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United States Department of Agriculture

Agricultural Research Service


item Hunt, Janet

Submitted to: American Journal of Clinical Nutrition
Publication Type: Other
Publication Acceptance Date: January 13, 2005
Publication Date: May 1, 2005
Citation: Hunt, J.R. 2005. Letter to the editor: absorption of iron from ferritin. American Journal of Clinical Nutrition. 81(5):1178-79.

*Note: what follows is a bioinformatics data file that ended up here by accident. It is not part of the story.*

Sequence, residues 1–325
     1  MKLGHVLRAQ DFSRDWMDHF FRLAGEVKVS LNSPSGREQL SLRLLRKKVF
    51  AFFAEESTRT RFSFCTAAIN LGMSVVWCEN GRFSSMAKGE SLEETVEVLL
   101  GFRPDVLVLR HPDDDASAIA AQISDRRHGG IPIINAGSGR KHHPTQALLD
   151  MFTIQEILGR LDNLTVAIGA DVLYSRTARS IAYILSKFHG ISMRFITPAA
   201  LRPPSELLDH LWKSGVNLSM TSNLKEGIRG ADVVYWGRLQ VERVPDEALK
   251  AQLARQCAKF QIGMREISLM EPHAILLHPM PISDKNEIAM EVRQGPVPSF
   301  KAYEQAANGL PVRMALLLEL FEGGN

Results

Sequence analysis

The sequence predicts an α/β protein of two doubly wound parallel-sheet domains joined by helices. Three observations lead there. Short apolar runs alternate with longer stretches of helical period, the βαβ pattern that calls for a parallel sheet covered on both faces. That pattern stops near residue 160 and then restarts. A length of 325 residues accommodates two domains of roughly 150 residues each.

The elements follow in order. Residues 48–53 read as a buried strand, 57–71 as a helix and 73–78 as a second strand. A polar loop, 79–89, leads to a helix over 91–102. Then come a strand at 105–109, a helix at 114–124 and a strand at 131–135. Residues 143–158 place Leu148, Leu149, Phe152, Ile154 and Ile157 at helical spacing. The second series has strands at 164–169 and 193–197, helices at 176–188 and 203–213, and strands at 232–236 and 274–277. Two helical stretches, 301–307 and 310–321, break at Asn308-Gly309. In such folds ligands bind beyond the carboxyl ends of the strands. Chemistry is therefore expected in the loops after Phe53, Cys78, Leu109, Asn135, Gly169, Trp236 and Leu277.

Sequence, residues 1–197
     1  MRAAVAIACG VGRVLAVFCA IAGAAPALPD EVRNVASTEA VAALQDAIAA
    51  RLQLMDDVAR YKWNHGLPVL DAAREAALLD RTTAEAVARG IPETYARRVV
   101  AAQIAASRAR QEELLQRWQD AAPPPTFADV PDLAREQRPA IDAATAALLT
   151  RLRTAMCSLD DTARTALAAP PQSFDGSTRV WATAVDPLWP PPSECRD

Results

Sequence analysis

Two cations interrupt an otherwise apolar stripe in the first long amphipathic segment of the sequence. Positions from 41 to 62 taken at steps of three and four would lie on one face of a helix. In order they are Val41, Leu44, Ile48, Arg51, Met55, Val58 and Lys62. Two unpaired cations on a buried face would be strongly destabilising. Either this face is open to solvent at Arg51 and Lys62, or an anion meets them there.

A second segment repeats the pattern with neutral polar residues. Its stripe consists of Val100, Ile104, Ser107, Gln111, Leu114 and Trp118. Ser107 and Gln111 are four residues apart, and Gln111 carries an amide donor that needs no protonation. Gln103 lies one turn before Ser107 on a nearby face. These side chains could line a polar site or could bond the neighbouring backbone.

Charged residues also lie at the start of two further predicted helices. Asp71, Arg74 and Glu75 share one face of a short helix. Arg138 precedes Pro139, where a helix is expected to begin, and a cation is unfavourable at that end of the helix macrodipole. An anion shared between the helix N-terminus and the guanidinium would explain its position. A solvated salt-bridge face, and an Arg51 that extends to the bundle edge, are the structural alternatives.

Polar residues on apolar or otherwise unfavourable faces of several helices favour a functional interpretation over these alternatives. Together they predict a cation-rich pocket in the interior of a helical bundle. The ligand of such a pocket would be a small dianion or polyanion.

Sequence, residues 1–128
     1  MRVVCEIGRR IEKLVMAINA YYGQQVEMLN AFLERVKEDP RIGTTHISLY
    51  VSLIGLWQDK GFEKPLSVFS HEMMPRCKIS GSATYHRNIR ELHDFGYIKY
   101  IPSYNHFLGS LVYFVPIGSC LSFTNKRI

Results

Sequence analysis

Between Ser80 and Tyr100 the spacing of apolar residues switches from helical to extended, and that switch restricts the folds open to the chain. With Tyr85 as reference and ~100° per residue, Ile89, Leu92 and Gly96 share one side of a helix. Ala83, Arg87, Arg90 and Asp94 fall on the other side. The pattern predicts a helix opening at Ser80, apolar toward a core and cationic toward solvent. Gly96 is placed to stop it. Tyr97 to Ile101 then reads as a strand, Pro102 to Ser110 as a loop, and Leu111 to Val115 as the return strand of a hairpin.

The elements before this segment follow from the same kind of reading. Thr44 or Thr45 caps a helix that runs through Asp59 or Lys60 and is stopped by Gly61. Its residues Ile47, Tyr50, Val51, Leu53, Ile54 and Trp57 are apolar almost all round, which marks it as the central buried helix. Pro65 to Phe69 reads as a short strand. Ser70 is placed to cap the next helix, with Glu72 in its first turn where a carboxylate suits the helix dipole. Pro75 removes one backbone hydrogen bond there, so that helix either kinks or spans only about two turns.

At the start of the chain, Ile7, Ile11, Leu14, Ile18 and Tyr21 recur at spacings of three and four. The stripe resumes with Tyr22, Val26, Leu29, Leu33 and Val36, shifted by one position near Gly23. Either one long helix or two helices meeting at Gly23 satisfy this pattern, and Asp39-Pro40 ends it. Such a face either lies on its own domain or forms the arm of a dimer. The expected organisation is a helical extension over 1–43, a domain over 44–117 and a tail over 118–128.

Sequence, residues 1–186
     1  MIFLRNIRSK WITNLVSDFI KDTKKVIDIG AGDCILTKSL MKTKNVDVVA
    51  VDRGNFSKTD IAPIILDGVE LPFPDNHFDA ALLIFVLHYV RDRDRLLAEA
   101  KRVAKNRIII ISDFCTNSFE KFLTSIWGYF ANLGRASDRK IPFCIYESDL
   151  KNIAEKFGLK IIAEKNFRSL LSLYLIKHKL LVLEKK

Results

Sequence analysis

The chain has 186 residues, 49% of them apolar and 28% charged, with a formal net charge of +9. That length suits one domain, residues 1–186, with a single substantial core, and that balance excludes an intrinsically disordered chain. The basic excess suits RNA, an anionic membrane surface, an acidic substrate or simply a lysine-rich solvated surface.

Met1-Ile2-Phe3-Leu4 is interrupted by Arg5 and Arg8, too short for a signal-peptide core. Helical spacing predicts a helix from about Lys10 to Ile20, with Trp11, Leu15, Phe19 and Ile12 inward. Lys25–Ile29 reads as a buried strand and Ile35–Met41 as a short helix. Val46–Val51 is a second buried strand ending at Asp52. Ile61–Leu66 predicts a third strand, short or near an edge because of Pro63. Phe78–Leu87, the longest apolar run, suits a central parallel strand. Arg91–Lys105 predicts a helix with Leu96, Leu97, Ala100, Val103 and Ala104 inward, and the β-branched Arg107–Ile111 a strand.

Technical Abstract: Your Manuscript Number (MS #) is: 21351, Version 1 Letter to the Editor: Absorption of Iron from Ferritin Dear Sir: I would like comment on the paper, 'Iron in ferritin or in salts (ferrous sulfate) is equally bioavailable in nonanemic women' by P. Davila-Hicks, E. C. Theil, and B. Lonnerdal (1). The conclusion indicated in the title is based on measurements of iron absorption from horse spleen ferritin that was radiolabeled in vitro, and appears to contrast with the results of others whose studies using ferritin radiolabeled in vivo were not cited (2-4). For example, Skikne and colleagues (4) also found that iron from ferritin radiolabeled in vitro was absorbed similarly to iron from ferrous sulfate. However, the same group further reported that radioiron incorporated into bovine spleen ferritin in vivo was significantly less absorbed than iron from ferrous sulfate: (respectively) 3.2 vs. 8.2% from a 3 mg dose with food, 3.8 vs. 24.1% from the 3 mg without food, 0.6 vs. 2.6 from 50 mg with food, and 0.7 vs. 7.9 from 50 mg without food (4). Those who have studied ferritin radiolabeled in vivo have concluded that ferritin iron is poorly absorbed, and that it is not part of the nonheme pool of dietary iron that is readily exchangeable in and similarly absorbed from the intestinal lumen (2-4). For instance, in vivo-labeled ferritin 59Fe was only 36% as well absorbed as 55Fe from intrinsically labeled soybeans consumed in the same meal (2). Its possible that lower absorption of ferritin-iron may explain the slightly increased (10%) absorption of nonheme iron from extrinsic over intrinsically labeled foods (5), which would suggest that the ferritin-iron content of the foods is only a minor portion of total food iron. It is worth noting that the ferritin iron content of foods has not been widely determined because of the lack of species-specific antibodies as well as the insolubility and possible time-dependent molecular changes that may make ferritin iron less exchangeable (6). Each labeling method has potential problems. On the one hand, the in vivo labeling of animal ferritin has in some (2, 4), but not all (3) reports involved procedures to limit the radiolabel incorporation into blood by reducing erythrocyte synthesis or increasing erythrocyte breakdown, and it is not known whether these techniques may alter ferritin isomerization. It is clear that the in vivo procedure does not uniformly label all of the iron in ferritin, but this would not necessarily explain the reduced iron bioavailability, as the portion that is unlabeled may be less, not more exchangeable/absorbable. On the other hand, the in vitro labeling results in higher bioavailability whether the ferritin has first been depleted of iron (1) or not (4), and in vitro iron exchange can induce ferritin degradation through Fenton chemistry (6). Skikne et al. (4) observed a minor small molecular peak in the Sepharose 6B elution pattern of in vitro, but not in vivo labeled ferritin, that they proposed to be denatured ferritin. Those investigators (4) determined that in vitro procedures labeled a full range of isoferritins, but with slightly higher isotope incorporation into the more acidic forms (4). It is unlikely that horse spleen ferritin labeled with extra phosphorus in vitro (1) is comparable to plant ferritin. Using Mössbauer spectroscopy, Ambe et al. (7) found that the form of ferric iron, representing about 95% of the iron in soybeans, was clearly distinguishable from, but more similar to horse spleen ferritin than to ferric phytate. Although physicochemical methods detected only minor alterations in ferritin labeled in vitro (1, 4), the human absorption results provide a distinguishing bioassay for ferritin labeled in vitro vs. in vivo. Davila-Hicks et al. (1) proposed that a high absorption of iron from the Tokyo soybean cultivar is partially explained by a high ferritin content of this cultivar, in addition to the low iron status of the subjects (8). After logarithmic transformations of both variables, absorption of iron is inversely related to body iron stores, varying 10-15 fold between subjects (see Figure 1a of (9)). This relationship alone is sufficient to account for the differences in iron absorption from soybeans cited by Davila-Hicks et al. (1): 26% by women with borderline iron deficiency (assuming 80% RBC incorporation of absorbed isotope) (8), 20% by women with iron deficiency (assuming 100% RBC incorporation; the absorption calculation is increased to 25% if assuming 80% RBC incorporation) (10), and 2.8% by iron-replete men (11). Lacking a direct comparison of cultivars with the same subjects, the similar results obtained by Murry-Kolb et al. (8) and Sayers et al. (10) do not support the hypothesis that the iron from the high-ferritin Tokyo soybean cultivar was more bioavailable than commonly used soybean cultivars. Davila-Hicks et al (1) concluded that iron from ferritin or ferrous sulfate follow different metabolic pathways after absorption. This was based on similarities in iron absorption when measured by whole body scintillation counting (22 and 22% from ferritin vs. ferrous sulfate, respectively, Table 1) but differences in the absorption when measured from erythrocyte iron incorporation (27 and 48%). The greater retention of isotope in the erythrocytes than in the whole body suggests methodological difficulties. The specific method and assumptions used were not delineated. With commonly used methods (see citations in (9)) and an assumption of 80% incorporation of the absorbed isotope into blood, we have repeatedly obtained similar absorption results between the two methods, including results with added ferrous sulfate (9). For instance, nonheme iron absorption from a hamburger meal supplemented with 20 mg iron as ferrous sulfate was 8.4 % (6.8, 10.3) (geometric mean plus and minus 1 SE) by whole body counting (see data in Figure 1a of (9)) and 8.5 % (6.7, 10.7) by the erythrocyte incorporation method, and the assumption of 80% incorporation of the absorbed isotope into blood was confirmed (9). Using data from individual subjects (n=23), the blood incorporation method was highly correlated to the whole body count method (R2 = 0.98) (9). These data do not confirm the finding that iron from ferrous sulfate is more extensively incorporated into blood than is apparent from whole body counting measurements. In conclusion, research on iron bioavailability from ferritin labeled in vitro must be interpreted with caution. The evidence does not support the conclusion that iron absorbed from ferrous sulfate follows a different metabolic distribution than iron absorbed from ferritin. References 1. Davila-Hicks P, Theil EC, Lonnerdal B. Iron in ferritin or in salts (ferrous sulfate) is equally bioavailable in nonanemic women. Am J Clin Nutr 2004;80:936-40. 2. Layrisse M, Martinez-Torres C, Renzy M, Leets I. Ferritin iron absorption in man. Blood 1975;45:689-98. 3. Derman DP, Bothwell TH, Torrance JD, et al. Iron absorption from ferritin and ferric hydroxide. Scand J Haematol 1982;29:18-24. 4. Skikne B, Fonzo D, Lynch SR, Cook JD. Bovine ferritin iron bioavailability in man. Eur J Clin Invest 1997;27:228-33. 5. Cook JD, Layrisse M, Martinez-Torres C, Walker R, Monsen E, Finch CA. Food iron absorption measured by an extrinsic tag. J Clin Invest 1972;51:805-815. 6. Laulhere JP, Laboure AM, Briat JF. Mechanism of the transition from plant ferritin to phytosiderin. J Biol Chem 1989;264:3629-35. 7. Ambe S, Ambe F, Nozaki T. Mössbauer study of iron in soybean seeds. J Agric Food Chem 1987;35:292-296. 8. Murray-Kolb LE, Welch R, Theil EC, Beard JL. Women with low iron stores absorb iron from soybeans. Am J Clin Nutr 2003;77:180-4. 9. Hunt JR, Zeng H. Iron absorption by heterozygous carriers of the HFE C282Y mutation associated with hemochromatosis. Am J Clin Nutr 2004;80:924-31. 10. Sayers MH, Lynch SR, Jacobs P, et al. The effect of ascorbic acid supplementation on the